The U.S. DOT is easing regulations for federal roads with speeds of less than 50 mph that would allow for more design options, such as introducing bike lanes.
“This proposed policy change will give states and communities the opportunity to be more innovative in designing their local projects,” said U.S. Transportation Secretary Anthony Foxx. “It will help us to build more quality projects that will not only provide more travel options for people, but also support and unite communities across America.”...
It's been deadly out there on Hillsborough County roads the last couple of days.
A 17-year-old Chamberlain High Student died Tuesday when she was hit crossing Busch Boulevard. A 43-year-old Brandon man was killed on U.S. 301 when his pickup truck crashed into a light pole. On Monday, a 67-year-old Riverview man was killed by a hit-and-run driver on Orient Road. ...
The American Planning Association announced its 15 great places for 2015 and not a single neighborhood, street or public space in Tampa Bay made the list.
The National League of Cities had mostly good economic news in its annual survey of city finance officers.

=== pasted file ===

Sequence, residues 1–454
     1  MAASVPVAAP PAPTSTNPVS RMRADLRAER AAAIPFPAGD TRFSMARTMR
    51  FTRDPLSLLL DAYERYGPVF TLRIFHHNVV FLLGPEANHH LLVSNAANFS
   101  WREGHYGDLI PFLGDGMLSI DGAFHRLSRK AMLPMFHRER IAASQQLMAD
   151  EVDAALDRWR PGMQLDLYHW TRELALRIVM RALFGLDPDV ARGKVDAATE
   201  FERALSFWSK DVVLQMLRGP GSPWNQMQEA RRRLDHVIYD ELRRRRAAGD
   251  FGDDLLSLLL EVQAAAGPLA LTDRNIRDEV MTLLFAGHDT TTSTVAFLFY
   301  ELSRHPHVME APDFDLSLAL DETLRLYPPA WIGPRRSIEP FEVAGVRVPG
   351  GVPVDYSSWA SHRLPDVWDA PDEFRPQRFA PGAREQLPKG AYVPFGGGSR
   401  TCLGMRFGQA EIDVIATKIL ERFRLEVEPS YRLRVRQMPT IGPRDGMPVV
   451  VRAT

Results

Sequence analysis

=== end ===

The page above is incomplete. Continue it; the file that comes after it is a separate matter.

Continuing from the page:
Of those surveyed, 82 percent said they were optimistic about meeting their city's financial needs, while 18 percent said they were "less able" to do so. Revenues have grown for three consecutive years. Ending balances are now at pre-recession levels. ...
The healthy design that Jeff Vinik plans for his big development project near downtown might sound inventive.
And that's certainly how the project is touted by Vinik.
"We foresee our Tampa urban district setting a new standard for wellness and sustainability,” Vinik said in a Delos statement....
There had been speculation that the Carillon office park developer would lace the flying cable cars throughout the Toytown proposal. It was just last year that LeClair shopped around his idea for using gondolas for transit, approaching everyone from the Florida Department of Transportation, the Tampa Bay Partnership and Hillsborough County Administrator Mike Merrill, according to the Tampa Tribune. ...
Good news: Florida hasn't been hit by a hurricane in 10 years, more than double the state's previous record for longest streak without a hurricane.
Bad news: That's giving way too many people false comfort, according to Matt Lanza at FiveThirtyEight.
"There’s a downside to those years of good weather," Lanza writes. "While the big storms have stayed away, the coastal population in the U.S. has continued to increase, and in a few cases it has been surging. When a major hurricane next strikes — and it will — it will very likely hit an area that is even more vulnerable to destruction, with a large group of new residents who might have no experience with extremes of high winds and water."...
St. Petersburg and Tampa officials sure have received a lot of attention over their sewage systems recently.
Heavy summer rains overwhelmed each city's ability to hold its sewage without spilling it.